Tuesday News: Heartbreaking

NC'S COVID 19 STATS ON NURSING HOMES RELEASED, NUMBERS ARE HORRIFYING: Under pressure from advocacy groups and media organizations, North Carolina health officials have released details for the first time Monday on the locations of dozens of nursing homes and other group living facilities with COVID-19 outbreaks across the state. The move marks a significant policy reversal for the N.C. Department of Health and Human Services, which for weeks has maintained that identifying facilities with outbreaks would reveal confidential health information for particular patients. As of Monday, DHHS reported more than 2,500 cases of COVID-19 and more than 150 deaths from the disease in so-called congregate living settings, which include nursing homes, prisons and residential care facilities. Infections in those settings account for more than one-quarter of the state's total cases, and more than half of all deaths. DHHS data on the outbreaks shows The Citadel, a nursing home in Salisbury, N.C., has the largest number of COVID-19 cases so far at 144. The facility has also seen 10 deaths from the disease.

DETAILS BEING WORKED OUT FOR TEMPORARY MEDICAID EXPANSION IN NC FOR COVID 19: The draft bill would allocate $40 million to be used for Medicaid costs, including support for long-term care, primary care and other providers dealing with disrupted revenue. It also pays for the costs of COVID-19 testing and treatment. The money would also cover costs due to increased Medicaid enrollment. The bill would require the N.C. Department of Health and Human Services to provide a 5% increase in fee-for-service rates paid to certain providers by the Division of Health Benefits. The department would also be required to provide Medicaid coverage to cover COVID-19 testing to the uninsured. The draft bill would also allow for DHHS to offer temporary, targeted Medicaid coverage to people with income up to 200% of the federal poverty level, but only for the prevention, testing and treatment of COVID-19. The idea may have a harder time winning approval in the Senate, which has resisted Medicaid expansion in the past.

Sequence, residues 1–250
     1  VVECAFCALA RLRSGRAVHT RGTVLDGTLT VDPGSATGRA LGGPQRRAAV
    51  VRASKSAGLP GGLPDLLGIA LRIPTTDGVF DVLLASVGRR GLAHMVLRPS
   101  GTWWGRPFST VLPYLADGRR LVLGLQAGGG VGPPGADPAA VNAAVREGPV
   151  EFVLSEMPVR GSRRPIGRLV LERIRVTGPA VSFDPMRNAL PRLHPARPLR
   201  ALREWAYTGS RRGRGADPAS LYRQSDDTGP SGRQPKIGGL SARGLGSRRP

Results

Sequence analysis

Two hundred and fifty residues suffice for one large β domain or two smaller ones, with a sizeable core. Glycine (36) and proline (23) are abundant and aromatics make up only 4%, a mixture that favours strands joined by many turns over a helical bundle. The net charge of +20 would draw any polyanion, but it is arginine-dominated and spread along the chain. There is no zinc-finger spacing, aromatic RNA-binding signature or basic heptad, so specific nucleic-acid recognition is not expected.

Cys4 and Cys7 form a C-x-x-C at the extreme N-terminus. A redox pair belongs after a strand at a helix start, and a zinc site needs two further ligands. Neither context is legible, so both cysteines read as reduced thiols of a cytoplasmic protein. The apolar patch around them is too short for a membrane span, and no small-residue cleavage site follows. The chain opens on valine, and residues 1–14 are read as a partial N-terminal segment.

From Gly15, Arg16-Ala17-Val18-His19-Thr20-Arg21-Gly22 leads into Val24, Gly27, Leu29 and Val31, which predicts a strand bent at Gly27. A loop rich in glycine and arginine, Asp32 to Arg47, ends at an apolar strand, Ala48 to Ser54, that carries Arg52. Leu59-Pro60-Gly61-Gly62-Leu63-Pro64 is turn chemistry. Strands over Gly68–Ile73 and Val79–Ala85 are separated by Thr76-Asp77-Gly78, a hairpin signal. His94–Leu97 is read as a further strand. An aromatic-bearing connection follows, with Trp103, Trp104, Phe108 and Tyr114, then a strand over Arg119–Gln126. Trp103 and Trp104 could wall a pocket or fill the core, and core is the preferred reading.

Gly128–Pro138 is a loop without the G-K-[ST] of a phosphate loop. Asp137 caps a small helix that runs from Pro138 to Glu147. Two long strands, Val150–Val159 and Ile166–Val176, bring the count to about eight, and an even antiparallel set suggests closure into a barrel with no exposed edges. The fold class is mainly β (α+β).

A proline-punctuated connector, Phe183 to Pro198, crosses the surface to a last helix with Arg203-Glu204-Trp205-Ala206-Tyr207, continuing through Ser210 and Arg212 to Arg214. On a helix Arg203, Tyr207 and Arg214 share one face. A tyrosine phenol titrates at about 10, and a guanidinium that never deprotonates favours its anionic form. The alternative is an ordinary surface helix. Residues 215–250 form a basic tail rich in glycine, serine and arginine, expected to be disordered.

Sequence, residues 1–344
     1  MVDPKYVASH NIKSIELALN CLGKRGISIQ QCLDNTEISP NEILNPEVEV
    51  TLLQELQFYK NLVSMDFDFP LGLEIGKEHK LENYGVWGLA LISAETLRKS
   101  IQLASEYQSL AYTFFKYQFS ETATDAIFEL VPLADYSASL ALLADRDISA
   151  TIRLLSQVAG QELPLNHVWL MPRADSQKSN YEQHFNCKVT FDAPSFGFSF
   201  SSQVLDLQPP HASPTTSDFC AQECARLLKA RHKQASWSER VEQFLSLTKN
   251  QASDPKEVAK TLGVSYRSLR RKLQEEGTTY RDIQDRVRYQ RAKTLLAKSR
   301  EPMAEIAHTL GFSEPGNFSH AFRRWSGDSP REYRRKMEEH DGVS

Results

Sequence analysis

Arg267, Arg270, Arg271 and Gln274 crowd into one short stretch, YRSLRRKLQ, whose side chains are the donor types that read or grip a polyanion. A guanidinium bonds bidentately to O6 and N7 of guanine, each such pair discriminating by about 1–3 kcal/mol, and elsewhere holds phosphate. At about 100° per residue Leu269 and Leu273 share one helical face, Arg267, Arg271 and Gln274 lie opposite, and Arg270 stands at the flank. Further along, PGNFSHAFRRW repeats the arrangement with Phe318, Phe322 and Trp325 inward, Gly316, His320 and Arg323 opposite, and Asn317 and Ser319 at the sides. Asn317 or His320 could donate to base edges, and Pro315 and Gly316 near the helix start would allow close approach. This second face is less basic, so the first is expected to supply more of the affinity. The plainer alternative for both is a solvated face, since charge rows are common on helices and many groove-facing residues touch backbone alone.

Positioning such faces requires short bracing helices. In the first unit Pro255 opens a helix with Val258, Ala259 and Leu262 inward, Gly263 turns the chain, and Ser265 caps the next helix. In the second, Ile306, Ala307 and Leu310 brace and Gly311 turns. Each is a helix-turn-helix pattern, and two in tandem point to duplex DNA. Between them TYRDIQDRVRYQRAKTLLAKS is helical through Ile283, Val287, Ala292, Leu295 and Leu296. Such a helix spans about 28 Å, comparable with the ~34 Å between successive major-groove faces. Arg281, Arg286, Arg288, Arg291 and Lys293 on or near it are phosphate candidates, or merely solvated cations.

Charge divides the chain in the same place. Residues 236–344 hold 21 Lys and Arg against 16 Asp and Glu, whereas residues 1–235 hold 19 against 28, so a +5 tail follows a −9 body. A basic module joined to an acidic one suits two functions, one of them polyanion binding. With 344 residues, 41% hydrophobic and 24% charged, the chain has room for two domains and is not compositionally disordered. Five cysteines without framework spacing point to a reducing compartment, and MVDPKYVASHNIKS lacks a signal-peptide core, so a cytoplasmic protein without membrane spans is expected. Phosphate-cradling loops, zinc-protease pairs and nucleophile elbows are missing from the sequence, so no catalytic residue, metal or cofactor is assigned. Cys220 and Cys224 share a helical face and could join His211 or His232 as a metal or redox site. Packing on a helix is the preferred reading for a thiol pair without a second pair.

NC LAB TO PAY MILLIONS IN LAWSUIT SETTLEMENT OVER UNNECESSARY TESTS: A North Carolina-based clinical laboratory services company has agreed to pay approximately $43 million to resolve allegations that it billed for medically unnecessary lab tests, the U.S. Department of Justice said Monday. The settlement involving Genova Diagnostics Inc. of Asheville resolves allegations that Genova improperly submitted claims to Medicare, TRICARE, and the federal employee health program for its lab test profiles because the tests were not medically necessary, the department said in a news release. The department also said Genova was accused of engaging in improper billing techniques, and of paying compensation to three vendors that violated a law prohibiting physician self-referral. Under the settlement, Genova has agreed to pay approximately $17 million, through the surrender of claim funds held in suspension by Medicare and TRICARE, plus up to an additional $26 million if certain financial contingencies occur within the next five years.